hajmaster

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So how much of a slap in the face should I consider it to be if my home institution doesn't offer me an interview? They didn't even have the gall to send a rejection email. Would you email them to ask why or just forget it and move on?
 

filter07

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They saved you a lot of time and hassle. What's the point of interviewing at a place you don't have a chance at, just out of courtesy? My med school gave every home applicant an interview but to be honest that just put pressure on me to apply and go to the interview despite having no interest in staying.
 

JackADeli

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So how much of a slap in the face should I consider it to be if my home institution doesn't offer me an interview?...
It all depends... on numerous factors not the least of which is what kind of candidate you are. So, I am going to throw some ideas to ponder. There is no reason for you to answer/respond. I am simply throwing them out to stimulate your own self evaluation/situational awareness.

1. some institutions limit home interviews to avoid in-breeding
2. some institutions interview all their med students even though they will never consider them seriously. This uses up some interview time, may/may not provide you with interview practice, may be an exercise of dishonesty.
3. you should have some sort of idea how well you did on your clinical rotations and where you stand as far as what the surgery residents/attendings think about you. If you are under the impression that they all loved you and think you would be a great addition, you should really think. Are you confused or are they simply backstabbing and dishonest and really did not like you..... Do you really want to train in such an environment.....
4. avoiding the dog and pony show of a fake interview is often, IMHO, not a slap in the face, but a favor. One should say thank you and move on to greener pastures.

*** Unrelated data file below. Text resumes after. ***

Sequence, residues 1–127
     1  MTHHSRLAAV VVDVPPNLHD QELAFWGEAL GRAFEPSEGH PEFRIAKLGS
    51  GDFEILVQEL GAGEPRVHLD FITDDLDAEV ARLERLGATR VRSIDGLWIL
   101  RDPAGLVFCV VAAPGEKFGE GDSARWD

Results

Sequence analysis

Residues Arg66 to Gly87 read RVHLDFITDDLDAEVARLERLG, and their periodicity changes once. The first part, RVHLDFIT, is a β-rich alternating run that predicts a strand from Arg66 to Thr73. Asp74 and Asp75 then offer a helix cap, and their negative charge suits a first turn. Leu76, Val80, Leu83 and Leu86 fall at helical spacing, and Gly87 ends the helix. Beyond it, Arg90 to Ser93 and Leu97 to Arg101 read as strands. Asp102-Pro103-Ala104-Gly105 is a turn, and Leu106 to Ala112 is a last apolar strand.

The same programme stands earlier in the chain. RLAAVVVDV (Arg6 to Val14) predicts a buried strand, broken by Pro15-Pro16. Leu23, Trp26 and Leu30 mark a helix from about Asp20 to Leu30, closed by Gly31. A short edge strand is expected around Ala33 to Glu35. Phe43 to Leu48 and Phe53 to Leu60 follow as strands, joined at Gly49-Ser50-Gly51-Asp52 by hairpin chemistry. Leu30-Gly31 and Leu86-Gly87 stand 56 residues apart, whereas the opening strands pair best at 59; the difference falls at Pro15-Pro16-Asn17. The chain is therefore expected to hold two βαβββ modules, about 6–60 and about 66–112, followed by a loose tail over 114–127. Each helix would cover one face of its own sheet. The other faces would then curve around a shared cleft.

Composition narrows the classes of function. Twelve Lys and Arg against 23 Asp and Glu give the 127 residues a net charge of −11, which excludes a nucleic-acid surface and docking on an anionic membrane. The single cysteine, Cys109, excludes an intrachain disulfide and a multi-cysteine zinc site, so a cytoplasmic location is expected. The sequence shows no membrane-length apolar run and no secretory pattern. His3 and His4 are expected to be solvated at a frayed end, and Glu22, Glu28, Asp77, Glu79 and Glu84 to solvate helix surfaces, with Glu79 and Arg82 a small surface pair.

opr8n

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It all depends... on numerous factors not the least of which is what kind of candidate you are. So, I am going to throw some ideas to ponder. There is no reason for you to answer/respond. I am simply throwing them out to stimulate your own self evaluation/situational awareness.

1. some institutions limit home interviews to avoid in-breeding
2. some institutions interview all their med students even though they will never consider them seriously. This uses up some interview time, may/may not provide you with interview practice, may be an exercise of dishonesty.
3. you should have some sort of idea how well you did on your clinical rotations and where you stand as far as what the surgery residents/attendings think about you. If you are under the impression that they all loved you and think you would be a great addition, you should really think. Are you confused or are they simply backstabbing and dishonest and really did not like you..... Do you really want to train in such an environment.....
4. avoiding the dog and pony show of a fake interview is often, IMHO, not a slap in the face, but a favor. One should say thank you and move on to greener pastures.
everything said here is good info
on the other hand i'd be a little ticked, but would move on very quickly
 
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maybe it's an honest error. another possibility is that you missed their cutoff (GPA, USMLE) but they'd be willing to overlook that and interview you anyway. why not call the coordinator and tell her you're interested in the program and ask if there's anything you need to do to complete your application.
 

SLUser11

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So how much of a slap in the face should I consider it to be if my home institution doesn't offer me an interview? They didn't even have the gall to send a rejection email. Would you email them to ask why or just forget it and move on?
Despite all the above comments, it's still pretty much a big slap in the face. There's probably someone in the program that doesn't like you for whatever reason.

I would try to find out why, as your LORs may contain some bad stuff if they came from those people.

The most approachable person is the program coordinator, although I may just go talk to her instead of sending an email where she can give a prepared generic response.

One of the big things that we look for in LORs is whether or not the home program has an interest in keeping the student. It's an unwritten rule that for good applicants, the home PD or chairman will make a comment in the LOR that they want the student to stay with them, whether it's true or not.

As an interviewer, if I found out that a student was not offered an invite from their home program, I would probably not consider the student for a spot, as it seems like a huge red flag.